• Wahidi MM
      • Silvestri GA
      • Coakley RD
      • et al.
      A prospective multicenter study of competency metrics and educational interventions in the learning of bronchoscopy among new pulmonary fellows.
      Central venous catheter (CVC) placement is a common procedure performed by a variety of operators, and safer central venous catheter insertion is a goal set by many groups in health care. The Agency for Healthcare Research and Quality and others have recommended ultrasound use for CVC placement to reduce complication risk. Procedure teams have been implemented at some institutions to provide focused expertise and training. These teams are a step in the right direction, but they still use a high-risk environment for learning.
      • Smith CC
      • Gordon CE
      • Feller-Kopman D
      • et al.
      Creation of an innovative inpatient medical procedure service and a method to evaluate house staff competency.
      Simulation, on the other hand, offers a zero-risk environment in which to learn procedures. Given the frequency of CVC insertion, the broad focus on performing it safely, the known increased risk associated with novice operators, and the availability of relatively inexpensive CVC task trainers, there has been relatively little research on the use of simulation to teach both CVC insertion and ultrasound guidance for CVC insertion or on methods to assess mastery of the tasks and techniques involved before procedures are done on patients. Several small studies have shown the benefits of simulation training, including reduced complications and fewer needle passes, and increased operator comfort/confidence with the procedure.
      • Britt RC
      • Novosel TJ
      • Britt LD
      • Sullivan M
      The impact of central line simulation before the ICU experience.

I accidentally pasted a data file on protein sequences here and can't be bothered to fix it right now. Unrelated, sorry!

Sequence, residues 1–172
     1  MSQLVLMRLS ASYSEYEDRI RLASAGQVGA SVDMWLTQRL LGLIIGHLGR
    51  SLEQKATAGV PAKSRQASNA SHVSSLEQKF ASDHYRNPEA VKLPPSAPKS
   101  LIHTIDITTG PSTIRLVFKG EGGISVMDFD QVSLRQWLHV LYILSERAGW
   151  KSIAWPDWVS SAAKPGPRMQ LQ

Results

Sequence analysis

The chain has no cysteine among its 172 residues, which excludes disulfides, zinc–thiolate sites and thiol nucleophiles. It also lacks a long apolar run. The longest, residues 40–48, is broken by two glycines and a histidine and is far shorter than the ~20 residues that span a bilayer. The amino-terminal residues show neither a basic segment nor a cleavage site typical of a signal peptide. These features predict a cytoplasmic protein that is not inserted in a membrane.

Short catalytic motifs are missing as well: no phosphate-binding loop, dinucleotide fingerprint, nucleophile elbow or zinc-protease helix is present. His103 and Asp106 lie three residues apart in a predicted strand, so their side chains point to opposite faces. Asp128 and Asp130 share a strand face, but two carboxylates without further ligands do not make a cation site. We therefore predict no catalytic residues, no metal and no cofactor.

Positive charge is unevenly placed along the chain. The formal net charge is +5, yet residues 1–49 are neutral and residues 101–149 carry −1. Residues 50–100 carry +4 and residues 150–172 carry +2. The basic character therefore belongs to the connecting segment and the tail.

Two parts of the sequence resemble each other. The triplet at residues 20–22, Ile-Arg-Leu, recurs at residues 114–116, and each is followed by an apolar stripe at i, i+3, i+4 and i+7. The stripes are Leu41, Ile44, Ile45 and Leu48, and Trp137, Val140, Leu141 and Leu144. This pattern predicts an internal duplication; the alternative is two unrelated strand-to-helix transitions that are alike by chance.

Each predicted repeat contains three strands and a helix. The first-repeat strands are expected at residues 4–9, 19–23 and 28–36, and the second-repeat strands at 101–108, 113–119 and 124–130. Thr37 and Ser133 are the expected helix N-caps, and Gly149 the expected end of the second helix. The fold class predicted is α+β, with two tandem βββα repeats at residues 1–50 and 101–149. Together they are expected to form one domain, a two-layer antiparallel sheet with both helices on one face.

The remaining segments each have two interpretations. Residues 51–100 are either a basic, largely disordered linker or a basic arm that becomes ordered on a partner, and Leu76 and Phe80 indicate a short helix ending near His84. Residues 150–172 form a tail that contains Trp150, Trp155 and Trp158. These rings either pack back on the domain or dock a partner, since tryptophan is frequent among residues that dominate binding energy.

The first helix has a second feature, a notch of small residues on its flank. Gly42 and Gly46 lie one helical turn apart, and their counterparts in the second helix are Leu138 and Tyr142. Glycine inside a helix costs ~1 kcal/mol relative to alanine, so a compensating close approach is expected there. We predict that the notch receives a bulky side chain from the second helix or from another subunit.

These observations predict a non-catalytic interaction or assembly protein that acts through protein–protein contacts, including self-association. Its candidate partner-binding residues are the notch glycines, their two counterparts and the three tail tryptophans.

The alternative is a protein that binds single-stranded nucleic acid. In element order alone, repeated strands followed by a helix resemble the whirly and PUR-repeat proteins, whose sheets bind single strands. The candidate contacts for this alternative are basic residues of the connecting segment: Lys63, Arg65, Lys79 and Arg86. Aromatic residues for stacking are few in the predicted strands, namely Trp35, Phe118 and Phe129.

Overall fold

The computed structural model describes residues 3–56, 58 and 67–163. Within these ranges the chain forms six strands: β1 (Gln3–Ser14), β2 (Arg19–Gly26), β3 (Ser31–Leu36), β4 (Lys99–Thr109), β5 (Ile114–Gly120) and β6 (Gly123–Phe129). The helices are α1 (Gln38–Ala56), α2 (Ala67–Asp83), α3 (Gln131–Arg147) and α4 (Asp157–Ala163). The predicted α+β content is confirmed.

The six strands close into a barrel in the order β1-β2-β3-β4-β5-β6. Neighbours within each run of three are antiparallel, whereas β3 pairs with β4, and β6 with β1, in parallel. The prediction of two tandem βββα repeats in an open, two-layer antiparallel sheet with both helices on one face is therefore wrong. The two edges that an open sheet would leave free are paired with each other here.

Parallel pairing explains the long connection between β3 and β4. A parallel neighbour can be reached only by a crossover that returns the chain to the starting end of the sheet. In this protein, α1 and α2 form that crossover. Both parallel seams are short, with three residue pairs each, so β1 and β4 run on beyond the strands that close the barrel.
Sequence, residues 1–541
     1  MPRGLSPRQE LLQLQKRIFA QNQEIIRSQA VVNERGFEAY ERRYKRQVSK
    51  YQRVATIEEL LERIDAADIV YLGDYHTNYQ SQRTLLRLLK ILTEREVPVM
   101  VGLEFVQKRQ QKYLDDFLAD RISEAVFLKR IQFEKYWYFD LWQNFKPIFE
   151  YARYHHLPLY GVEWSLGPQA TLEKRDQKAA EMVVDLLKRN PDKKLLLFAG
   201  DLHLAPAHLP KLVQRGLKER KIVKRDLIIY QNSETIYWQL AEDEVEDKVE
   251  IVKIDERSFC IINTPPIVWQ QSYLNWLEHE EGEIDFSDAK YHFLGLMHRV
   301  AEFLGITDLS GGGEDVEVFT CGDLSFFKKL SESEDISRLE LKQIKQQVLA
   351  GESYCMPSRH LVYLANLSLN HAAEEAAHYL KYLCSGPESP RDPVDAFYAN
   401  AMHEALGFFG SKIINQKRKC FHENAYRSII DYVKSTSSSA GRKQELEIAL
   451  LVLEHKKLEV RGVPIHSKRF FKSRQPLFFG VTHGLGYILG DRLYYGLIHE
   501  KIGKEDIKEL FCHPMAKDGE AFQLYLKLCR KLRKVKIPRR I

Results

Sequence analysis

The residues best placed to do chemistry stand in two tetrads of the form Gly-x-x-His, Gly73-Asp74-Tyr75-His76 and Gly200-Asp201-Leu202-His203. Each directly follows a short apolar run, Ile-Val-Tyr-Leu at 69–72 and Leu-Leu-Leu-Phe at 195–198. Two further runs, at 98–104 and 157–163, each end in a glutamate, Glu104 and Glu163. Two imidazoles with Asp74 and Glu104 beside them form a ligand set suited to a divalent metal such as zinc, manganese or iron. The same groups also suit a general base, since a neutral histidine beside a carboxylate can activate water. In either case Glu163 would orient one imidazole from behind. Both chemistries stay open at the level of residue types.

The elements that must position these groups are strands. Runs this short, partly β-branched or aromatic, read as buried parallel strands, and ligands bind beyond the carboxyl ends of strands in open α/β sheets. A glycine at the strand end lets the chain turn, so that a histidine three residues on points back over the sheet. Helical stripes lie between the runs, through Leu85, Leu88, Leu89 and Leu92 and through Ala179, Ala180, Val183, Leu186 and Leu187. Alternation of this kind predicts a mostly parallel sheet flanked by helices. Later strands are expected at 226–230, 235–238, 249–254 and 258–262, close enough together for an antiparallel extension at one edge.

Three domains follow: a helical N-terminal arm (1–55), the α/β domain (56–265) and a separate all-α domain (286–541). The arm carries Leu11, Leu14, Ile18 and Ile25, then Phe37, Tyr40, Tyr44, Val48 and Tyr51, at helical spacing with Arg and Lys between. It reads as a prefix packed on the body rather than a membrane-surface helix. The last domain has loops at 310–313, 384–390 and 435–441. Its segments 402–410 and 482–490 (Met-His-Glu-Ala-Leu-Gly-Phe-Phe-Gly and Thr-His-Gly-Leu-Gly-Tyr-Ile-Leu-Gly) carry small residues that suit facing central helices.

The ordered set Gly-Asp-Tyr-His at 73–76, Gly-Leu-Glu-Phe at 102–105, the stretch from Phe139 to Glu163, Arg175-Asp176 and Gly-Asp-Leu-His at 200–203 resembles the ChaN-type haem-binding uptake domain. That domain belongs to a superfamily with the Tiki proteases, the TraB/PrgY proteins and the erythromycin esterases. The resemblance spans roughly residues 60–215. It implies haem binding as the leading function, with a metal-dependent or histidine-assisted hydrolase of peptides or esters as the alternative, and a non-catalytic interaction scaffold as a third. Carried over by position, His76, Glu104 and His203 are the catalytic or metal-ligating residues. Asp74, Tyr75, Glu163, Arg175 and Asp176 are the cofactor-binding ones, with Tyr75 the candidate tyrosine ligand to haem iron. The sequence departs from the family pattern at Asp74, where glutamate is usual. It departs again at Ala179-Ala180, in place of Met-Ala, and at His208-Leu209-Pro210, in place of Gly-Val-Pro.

• Barsuk JH
      • McGaghie WC
      • Cohen ER
      • Balachandran JS
      • Wayne DB
      Use of simulation-based mastery learning to improve the quality of central venous catheter placement in a medical intensive care unit.
      The contribution of the study by Dong et al
      • Dong Y
      • Suri HS
      • Cook DA
      • et al.
      Simulation-based objective assessment discerns clinical proficiency in central line placement: a construct validation.
      is the group's development and validation of a tool for assessing CVC insertion proficiency after simulator training. The tool incorporates a variety of measures across multiple domains, has face validity and acceptable interrater reliability, and discriminates based on operator experience. Another such tool was recently described by Huang and colleagues,
      • Huang GC
      • Newman LR
      • Schwartzstein RM
      • et al.
      Procedural competence in internal medicine residents: validity of a central venous catheter insertion assessment instrument.
      which is specific to the subclavian site, did not include ultrasound use, and is more detailed in its breakdown of specific tasks involved in the procedure. The Huang instrument was developed through rigorous methods, but has not yet had the validation of the tool described by Dong. For both tools, use and validation in the real-world environment should follow.
      It is time to put “see one, do one, teach one” behind us. Procedure training should involve a combination of didactics and simulation, with objective evidence of technical competency before exposing patients to the risk of procedures performed by novice operators. Yes, additional research is needed to determine how to optimize the use of simulation, but we should not wait to broadly adopt this tool in our teaching and in our assessment of competency. The case for the incorporation of clinical simulation in internal medicine has been eloquently made.
      • Ogden PE
      • Cobbs LS
      • Howell MR
      • Sibbitt SJ
      • DiPette DJ
      Clinical simulation: importance to the internal medicine educational mission.
      The articles in this issue add to the support for simulation, and we have reached the tipping point.